• eBay Inc

Alibaba is closer to eBay Inc (EBAY) in its set-up, bringing buyers and sellers together on a platform and even providing a payment system like eBay’s PayPal, called AliPay. According to eBay’s 10-K, it is “primarily a transaction-based business that generates revenue from the transactions and payments that we successfully enable.” eBay comprises three segments, with each being a distinct brand; eBay (buy and sell online), PayPal (digital payments) and eBay Enterprise (commerce, retailing and digital marketing).

Alibaba and Amazon are giants in their respective worlds. The two will find it difficult to breach each other’s territory and should continue to enjoy their dominance respectively. Though Alibaba and eBay have similar models, it would be hard for Alibaba to crack the brand recognition enjoyed by eBay. These companies are likely to compete with each other for markets outside the U.S. and China (like Brazil for example) but it is unlikely that these brands will unseat each other from their homeland. (See: Alibaba's Goal: Supplant eBay, Amazon and PayPal)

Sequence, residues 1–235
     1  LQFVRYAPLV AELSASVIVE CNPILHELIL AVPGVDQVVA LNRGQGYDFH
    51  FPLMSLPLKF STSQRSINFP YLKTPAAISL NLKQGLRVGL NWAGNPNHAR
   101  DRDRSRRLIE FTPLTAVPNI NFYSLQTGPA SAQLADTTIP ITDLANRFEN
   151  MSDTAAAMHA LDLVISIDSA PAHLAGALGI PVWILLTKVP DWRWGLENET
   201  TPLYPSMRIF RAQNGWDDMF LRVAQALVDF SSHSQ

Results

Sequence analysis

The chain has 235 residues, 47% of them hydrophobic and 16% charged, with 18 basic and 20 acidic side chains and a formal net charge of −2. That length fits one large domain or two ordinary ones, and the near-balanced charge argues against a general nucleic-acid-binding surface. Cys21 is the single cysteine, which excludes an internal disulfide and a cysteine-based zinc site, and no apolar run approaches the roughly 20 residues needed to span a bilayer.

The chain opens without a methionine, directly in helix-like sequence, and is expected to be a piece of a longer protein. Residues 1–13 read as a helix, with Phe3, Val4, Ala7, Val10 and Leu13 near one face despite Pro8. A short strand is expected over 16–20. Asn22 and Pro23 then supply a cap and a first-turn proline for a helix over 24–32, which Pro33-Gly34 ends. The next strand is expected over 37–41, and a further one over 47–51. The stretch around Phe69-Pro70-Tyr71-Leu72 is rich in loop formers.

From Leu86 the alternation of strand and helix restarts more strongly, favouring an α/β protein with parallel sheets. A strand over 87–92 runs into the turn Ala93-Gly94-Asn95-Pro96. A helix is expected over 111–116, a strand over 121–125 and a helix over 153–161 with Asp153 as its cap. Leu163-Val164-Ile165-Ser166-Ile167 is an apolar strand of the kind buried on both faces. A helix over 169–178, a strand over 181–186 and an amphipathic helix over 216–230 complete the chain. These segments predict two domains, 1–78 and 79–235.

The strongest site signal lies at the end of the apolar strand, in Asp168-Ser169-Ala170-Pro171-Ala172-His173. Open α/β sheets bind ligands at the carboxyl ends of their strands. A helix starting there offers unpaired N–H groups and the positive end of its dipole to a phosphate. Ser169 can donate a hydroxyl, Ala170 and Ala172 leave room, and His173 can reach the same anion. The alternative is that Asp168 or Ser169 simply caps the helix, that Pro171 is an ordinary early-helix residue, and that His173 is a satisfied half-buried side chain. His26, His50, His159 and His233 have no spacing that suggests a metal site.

Homegrown Competition

  • Tencent

Tencent, primarily an internet company, was founded in 1998. With its steady growth over the years, it is the largest and most widely used Internet service portals in China.  The company’s stock, Tencent Holdings Limited (0700.HK) is listed on the Hong Kong Stock Exchange. Its most popular products are: QQ, WeChat, QQ.com, QQ Games, Qzone, 3g.QQ.com, SoSo, PaiPai and Tenpay. Though Tencent is more into social media and entertainment, its strong internet presence and changing interests have started to overlap with that of Alibaba’s. The company via its messaging app “WeChat” has been lately getting into ecommerce.